Joy at Work: A Revolutionary Approach To Fun on the Job by Dennis Bakke
In his book, Dennis W Bakke describes how work should be fun. He is the founder and CEO of Applied Energy Services Corporation (AES), an international energy firm that makes billions of dollars each year. According to him, employees should not be treated as disposable assets. They should be given jobs that have a real purpose other than making money. He prizes integrity, ethics, and transparency.
AES is a Fortune 500 company that generates and distributes electrical power. One of the world's largest power companies, it employs over 10,000 people worldwide. Dennis Bakke and Roger Sant founded AES with a $60,00 bank loan and $1 million in investor money. They wanted to create a company that focused on worker satisfaction and a fun working environment. Bakke met his partner, Roget Sant, when they worked at the Federal Energy Administration in the 1970s.
To Bakke, it was essential to deliver economically, reliable, clean, and safe electricity that was beneficial to their shareholders and society. Most companies adopt a centralized decision-making system where decisions are made at the top down. According to Bakke, many managers want to hold on to power and control. There are several reasons why this system makes sense:
- Managers can manage their operations remotely
- Government agencies that regulate businesses focus on senior executives, not employees.
- Outside vendors favor such an organization.
- The most intelligent people in the company are appointed as senior executives. Employees usually go to them for tough decisions.
- Board members work with senior executives on important matters though mid-level staffers make most of the decisions.
- Managers do not want to relinquish power.
- Businesses prefer everyone in the company to adhere to a common standard.
Bakke adopted the "honeycomb system of self-management teams" that was a significant change to the traditional method of management. It was more decentralized. In this new system, the company trusted its employees more. Employees shared in decision making. To make decisions, they had to seek the advice of their colleagues. For more significant decisions, they needed a wider net. There were no more procedure manuals, shift supervisors, or work titles. Employees could even set their own wages, though there were limits to do so. Hourly pays disappear in favor of salaries for everyone. Employees had a higher impact on the company's direction and future.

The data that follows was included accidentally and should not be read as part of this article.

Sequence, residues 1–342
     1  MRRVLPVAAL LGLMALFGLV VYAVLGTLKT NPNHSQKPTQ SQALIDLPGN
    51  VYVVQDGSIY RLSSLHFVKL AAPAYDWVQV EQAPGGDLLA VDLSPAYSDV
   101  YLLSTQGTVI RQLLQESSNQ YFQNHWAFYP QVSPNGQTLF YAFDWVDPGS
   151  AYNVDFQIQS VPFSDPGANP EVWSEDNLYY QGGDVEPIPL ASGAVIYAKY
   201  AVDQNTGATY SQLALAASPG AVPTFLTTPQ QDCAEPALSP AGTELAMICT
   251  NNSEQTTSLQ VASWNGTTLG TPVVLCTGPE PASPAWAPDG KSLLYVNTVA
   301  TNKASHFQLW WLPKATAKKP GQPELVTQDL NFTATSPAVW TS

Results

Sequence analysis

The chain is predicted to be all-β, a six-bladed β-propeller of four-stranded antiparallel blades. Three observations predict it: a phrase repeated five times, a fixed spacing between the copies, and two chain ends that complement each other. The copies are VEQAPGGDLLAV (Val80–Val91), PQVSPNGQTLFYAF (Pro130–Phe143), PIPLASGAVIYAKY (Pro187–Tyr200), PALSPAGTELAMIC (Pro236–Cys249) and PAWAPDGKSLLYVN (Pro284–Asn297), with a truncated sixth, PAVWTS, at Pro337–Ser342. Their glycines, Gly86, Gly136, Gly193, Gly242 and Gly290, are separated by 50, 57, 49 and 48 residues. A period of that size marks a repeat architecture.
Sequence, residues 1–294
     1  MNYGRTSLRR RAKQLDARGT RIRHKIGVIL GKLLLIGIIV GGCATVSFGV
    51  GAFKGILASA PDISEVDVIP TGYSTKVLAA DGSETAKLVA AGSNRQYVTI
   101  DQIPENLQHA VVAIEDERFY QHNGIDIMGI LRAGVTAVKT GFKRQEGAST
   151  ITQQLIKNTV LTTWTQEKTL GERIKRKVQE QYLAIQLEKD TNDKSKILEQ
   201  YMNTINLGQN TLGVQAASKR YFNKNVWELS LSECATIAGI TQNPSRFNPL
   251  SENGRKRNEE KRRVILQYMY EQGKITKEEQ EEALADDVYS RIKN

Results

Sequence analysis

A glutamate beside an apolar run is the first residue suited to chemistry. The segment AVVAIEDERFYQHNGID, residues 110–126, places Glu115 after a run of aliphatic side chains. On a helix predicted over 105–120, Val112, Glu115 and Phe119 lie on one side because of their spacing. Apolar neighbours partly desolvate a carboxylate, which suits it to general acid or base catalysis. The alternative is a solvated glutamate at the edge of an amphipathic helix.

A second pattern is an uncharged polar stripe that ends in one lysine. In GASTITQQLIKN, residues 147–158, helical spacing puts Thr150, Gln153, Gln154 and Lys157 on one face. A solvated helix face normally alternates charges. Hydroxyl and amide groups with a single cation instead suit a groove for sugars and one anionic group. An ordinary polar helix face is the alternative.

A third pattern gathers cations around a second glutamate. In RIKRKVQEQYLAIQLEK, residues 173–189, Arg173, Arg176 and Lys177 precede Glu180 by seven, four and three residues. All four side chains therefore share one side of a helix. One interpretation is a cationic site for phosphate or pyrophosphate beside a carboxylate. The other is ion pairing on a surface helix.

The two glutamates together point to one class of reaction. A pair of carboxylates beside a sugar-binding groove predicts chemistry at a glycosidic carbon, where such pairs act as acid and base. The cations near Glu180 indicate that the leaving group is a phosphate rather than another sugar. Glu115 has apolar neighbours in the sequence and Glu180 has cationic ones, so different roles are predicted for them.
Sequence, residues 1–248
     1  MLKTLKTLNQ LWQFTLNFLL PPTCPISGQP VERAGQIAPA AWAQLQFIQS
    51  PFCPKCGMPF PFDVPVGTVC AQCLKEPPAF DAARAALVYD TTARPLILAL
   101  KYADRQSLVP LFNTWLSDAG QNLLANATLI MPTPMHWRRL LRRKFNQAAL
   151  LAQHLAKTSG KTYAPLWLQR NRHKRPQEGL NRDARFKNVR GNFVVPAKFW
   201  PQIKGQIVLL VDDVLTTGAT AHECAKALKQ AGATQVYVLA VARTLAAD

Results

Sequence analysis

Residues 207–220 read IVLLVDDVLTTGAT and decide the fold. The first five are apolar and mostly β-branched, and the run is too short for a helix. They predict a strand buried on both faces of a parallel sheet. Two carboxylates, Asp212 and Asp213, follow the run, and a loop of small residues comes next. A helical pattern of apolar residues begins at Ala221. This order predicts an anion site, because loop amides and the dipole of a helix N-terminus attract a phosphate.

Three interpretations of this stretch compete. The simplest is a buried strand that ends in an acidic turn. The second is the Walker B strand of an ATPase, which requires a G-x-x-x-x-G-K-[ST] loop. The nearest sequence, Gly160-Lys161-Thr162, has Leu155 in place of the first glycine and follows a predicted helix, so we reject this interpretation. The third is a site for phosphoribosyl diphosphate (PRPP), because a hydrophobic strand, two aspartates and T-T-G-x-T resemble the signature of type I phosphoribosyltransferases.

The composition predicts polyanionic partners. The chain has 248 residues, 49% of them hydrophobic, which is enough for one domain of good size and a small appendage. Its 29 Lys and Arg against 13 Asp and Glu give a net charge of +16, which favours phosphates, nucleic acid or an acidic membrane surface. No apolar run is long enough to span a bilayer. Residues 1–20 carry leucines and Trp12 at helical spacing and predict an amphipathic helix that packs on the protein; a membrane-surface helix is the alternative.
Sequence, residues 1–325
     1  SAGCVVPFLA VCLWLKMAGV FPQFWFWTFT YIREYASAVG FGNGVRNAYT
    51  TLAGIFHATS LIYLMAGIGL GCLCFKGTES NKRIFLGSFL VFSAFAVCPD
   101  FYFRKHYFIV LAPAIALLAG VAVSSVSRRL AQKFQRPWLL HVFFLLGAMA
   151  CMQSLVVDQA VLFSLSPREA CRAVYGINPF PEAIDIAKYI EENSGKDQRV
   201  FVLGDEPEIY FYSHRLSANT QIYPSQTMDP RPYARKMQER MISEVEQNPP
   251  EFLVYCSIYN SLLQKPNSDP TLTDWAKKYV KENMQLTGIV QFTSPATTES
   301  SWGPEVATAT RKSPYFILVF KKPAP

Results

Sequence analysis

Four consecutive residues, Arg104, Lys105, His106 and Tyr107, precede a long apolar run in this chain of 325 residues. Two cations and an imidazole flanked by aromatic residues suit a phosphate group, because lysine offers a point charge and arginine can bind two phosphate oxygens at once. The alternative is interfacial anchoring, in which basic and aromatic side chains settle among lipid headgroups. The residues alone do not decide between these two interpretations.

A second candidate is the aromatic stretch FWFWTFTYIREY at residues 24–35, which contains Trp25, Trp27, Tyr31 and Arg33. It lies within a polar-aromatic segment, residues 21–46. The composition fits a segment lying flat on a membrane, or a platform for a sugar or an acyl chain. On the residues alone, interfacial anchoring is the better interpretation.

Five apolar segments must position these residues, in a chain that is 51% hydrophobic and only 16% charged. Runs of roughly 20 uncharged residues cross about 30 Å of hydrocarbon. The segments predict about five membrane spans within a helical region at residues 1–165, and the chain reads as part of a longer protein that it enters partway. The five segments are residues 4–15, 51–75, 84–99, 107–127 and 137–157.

Senior executives were compensated based on how well their teams performed and how well they embodied the company's principles and values. Annual surveys helped gauge how well the company was doing on its values.
Bakke wanted AES to have high moral standards, and to be devoted to service and transparency. In 1990, when AES went public, he worried that increasing profits and maximizing shareholder value would make it hard to maintain its values and principles. In its public filing, AES stated that its values would always be more important than maximizing profits. The company went on to trade on the NYSE.
In the early 2000s, when Enron went bankrupt, and 9/11 happened, big energy firms saw a decrease in stock prices. Even though its business performance was excellent, AES's stock price decreased to $5. AES's board members moved towards centralized decision making. Sant was called on to supplant Bakke as CEO. Bakke retired from a company he started and led for eight years.
Today, Bakke still believes that leaders should be humble and should treat everyone with respect and decency. Companies should have a real purpose other than making money. Work should be fun.
About the Author
Dennis Bakke is the founder of Imagine Schools, which provides tuition-free schools that help children become great leaders and learners. He is the author of Joy at Work: A Revolutionary Approach to Fun on the Job, a New York Times Bestseller. He is also the author of The Decision Maker: Unlock the Potential of Everyone in Your Organization, One Decision at a Time.